By Iowa City Press-Citizen
It doesn’t really matter what broader message members of the “Iowans for Animal Liberation” were trying to convey when they decided to hide in the Agriculture Building of the Iowa State Fairgrounds and, after closing time, come out and deface the iconic Butter Cow.
Their actions are likely to do much more harm than good for the actual organizations and activists that work directly (not just symbolically) to improve the quality of life for livestock in Iowa and across the U.S.
“Freedom for All” were the words the vandals — using the same red paint they poured on the butter sculpture — scrawled on the window of the refrigerated display case. But their attempted moral indictment of the dairy/beef industry was scraped away as easily as removing splattered paint from butter.
The activists tried to amplify their message in an email the group sent to news organizations soon after. They claimed the “paint represents the blood of 11 billion animals murdered each year in slaughterhouses, egg farms and dairies.” But that explanation just makes the vandalism seem more like a failed attempt at performance art rather than any persuasive act of political protest.
And the even the efforts of the North American Animal Liberation Press Office to express solidarity with the unknown vandals fail to show any worthwhile justification for what seems to be little more than a bone-headed prank.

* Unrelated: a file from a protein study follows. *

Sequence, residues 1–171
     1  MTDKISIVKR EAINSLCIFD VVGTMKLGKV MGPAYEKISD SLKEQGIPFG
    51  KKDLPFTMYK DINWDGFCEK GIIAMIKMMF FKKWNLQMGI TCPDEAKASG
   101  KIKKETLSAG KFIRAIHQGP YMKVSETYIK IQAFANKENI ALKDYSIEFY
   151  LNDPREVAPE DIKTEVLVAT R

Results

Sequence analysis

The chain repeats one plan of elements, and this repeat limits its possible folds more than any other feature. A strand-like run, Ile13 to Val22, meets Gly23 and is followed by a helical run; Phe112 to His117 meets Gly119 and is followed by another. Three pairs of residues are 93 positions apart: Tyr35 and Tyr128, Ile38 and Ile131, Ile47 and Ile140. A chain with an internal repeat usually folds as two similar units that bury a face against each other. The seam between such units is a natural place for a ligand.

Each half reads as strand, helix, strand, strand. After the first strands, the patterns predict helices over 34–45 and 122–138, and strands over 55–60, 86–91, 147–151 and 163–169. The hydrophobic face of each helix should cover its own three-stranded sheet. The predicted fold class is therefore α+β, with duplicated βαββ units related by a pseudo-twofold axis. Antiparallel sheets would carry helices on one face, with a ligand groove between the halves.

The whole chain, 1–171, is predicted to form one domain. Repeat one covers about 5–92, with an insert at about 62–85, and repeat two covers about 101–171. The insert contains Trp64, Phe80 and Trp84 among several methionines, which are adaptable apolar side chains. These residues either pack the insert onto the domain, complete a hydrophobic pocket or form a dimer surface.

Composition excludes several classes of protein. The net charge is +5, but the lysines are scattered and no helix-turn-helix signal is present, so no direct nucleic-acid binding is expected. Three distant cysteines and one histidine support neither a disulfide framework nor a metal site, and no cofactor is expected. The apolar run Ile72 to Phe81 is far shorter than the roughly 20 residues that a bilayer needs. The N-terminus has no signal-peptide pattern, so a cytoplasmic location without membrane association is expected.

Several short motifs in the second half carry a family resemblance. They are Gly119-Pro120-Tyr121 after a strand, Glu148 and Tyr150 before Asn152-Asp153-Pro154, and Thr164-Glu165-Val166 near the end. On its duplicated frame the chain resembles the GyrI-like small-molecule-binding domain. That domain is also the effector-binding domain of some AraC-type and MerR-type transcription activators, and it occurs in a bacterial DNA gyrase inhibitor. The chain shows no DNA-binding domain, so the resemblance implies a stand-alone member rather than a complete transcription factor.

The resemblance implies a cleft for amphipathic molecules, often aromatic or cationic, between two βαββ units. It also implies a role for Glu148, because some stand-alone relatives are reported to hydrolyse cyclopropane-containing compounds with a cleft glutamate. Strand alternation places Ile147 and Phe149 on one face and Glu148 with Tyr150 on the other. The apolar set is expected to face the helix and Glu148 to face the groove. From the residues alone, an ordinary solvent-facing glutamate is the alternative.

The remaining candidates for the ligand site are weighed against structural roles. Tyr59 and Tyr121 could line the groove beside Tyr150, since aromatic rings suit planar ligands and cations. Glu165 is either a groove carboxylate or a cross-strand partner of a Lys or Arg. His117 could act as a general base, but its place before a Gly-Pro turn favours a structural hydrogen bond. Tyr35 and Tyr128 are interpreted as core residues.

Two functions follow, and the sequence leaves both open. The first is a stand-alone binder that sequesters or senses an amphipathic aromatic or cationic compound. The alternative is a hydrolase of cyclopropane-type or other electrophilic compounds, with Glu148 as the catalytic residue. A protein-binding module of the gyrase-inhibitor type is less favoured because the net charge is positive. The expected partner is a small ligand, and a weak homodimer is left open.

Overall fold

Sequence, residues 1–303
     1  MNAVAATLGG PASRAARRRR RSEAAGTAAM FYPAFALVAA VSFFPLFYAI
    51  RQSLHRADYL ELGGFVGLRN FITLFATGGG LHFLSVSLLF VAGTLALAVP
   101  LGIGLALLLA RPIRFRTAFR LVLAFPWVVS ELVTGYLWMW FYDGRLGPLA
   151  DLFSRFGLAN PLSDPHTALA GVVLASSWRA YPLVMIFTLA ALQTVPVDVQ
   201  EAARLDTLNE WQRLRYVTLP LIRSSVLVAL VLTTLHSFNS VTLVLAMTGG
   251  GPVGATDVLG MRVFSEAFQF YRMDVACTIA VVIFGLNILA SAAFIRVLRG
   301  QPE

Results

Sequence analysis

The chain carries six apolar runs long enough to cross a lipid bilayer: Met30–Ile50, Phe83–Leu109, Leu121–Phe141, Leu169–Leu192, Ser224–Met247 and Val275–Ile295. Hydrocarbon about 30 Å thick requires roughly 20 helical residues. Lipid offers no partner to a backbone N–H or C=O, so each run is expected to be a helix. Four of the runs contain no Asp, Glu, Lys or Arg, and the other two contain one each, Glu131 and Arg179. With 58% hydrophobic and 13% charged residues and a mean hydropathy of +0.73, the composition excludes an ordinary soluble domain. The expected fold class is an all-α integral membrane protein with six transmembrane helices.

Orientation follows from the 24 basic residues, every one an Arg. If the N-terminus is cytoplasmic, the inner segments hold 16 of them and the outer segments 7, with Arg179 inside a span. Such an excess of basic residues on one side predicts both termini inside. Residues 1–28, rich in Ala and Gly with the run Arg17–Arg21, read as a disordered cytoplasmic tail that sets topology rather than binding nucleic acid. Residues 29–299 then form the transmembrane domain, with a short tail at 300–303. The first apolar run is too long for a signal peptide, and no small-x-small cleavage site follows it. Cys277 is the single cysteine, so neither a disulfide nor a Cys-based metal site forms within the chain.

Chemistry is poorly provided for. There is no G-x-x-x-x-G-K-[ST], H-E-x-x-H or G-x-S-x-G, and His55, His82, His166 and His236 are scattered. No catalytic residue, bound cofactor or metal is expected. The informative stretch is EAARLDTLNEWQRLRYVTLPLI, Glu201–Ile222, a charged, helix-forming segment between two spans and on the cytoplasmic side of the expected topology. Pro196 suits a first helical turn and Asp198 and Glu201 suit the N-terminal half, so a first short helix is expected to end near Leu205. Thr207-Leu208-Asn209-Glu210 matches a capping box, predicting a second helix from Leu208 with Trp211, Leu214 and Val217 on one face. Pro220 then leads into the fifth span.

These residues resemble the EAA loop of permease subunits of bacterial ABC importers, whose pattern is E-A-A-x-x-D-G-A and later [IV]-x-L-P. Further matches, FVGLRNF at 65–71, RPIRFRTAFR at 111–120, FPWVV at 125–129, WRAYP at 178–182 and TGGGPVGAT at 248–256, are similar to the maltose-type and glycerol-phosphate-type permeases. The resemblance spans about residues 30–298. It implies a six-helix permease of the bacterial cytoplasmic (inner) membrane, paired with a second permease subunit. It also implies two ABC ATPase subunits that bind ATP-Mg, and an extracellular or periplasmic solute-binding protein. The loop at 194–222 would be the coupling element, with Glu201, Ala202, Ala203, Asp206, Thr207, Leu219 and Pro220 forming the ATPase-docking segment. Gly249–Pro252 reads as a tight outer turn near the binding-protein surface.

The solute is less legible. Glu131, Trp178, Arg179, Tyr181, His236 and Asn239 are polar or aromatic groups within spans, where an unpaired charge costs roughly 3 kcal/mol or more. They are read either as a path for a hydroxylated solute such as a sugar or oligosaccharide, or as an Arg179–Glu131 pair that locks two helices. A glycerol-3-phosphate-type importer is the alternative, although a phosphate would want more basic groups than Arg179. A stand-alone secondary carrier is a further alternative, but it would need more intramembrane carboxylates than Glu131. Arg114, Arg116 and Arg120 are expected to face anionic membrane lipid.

Jerry Vlasak, the founder and spokesman for the office, told The Des Moines Register that such high-profile protests were necessary, in part, because of the state laws that “make it illegal to video tape the cruelties and horrors of animal rendering or take pictures of the things that are being done to animals — legal or illegal.”
It is true that, last year, the Iowa Legislature passed a measure making it illegal for people to misrepresent why they want to work in businesses such as a slaughterhouse or a factory farm. But as unnecessary and harmful as we continue to think that particular law is, the final version was not nearly as bad as the earlier versions of the bill — which would have made it illegal for anyone even to broadcast (let alone record) video from such a site if the video was recorded without the business owner’s permission
Unfortunately, the vandals’ actions are likely to make it all the more difficult to persuade state lawmakers that they should reverse such a free-speech-stifling trend. The statewide lobbyists arguing for strengthening “Gag Ag” bills like the one passed last year often say such laws are necessary because activists seem more interested in making a media splash than in actually protecting any animals. Iowans for Animal Liberation now provided the law’s supporters with Exhibit A in making such a case to lawmakers in the future.
Other animal welfare groups, both locally and nationally, have been fairly consistent in their denunciation of this failed attempt to deface a sacred cow.
“Quite frankly, … situations like this — attacking beloved Iowa traditions like the butter cow — are not going to get the general public on your side,” Tom Colvin, executive director of the Animal Rescue League in Des Moines, told The Register. “They have a reverse effect.”
And in a blog post Wednesday, Wayne Pacelle, the CEO of the Humane Society of the United States, offered a list of suggestions for more productive ways in which Iowans can demonstrate their concern about animal welfare (http://bit.ly/1a5pRxx).
“When our movement is trying to conduct a serious discussion about issues, and seeking to drive major reform, we do not need tactical approaches that come out of the playbook of a fraternity,” Pacelle concludes. “We condemn the illegal conduct, and we hope that the good people of Iowa know that The HSUS and other serious-minded animal welfare groups think this person is as dumb as you do.”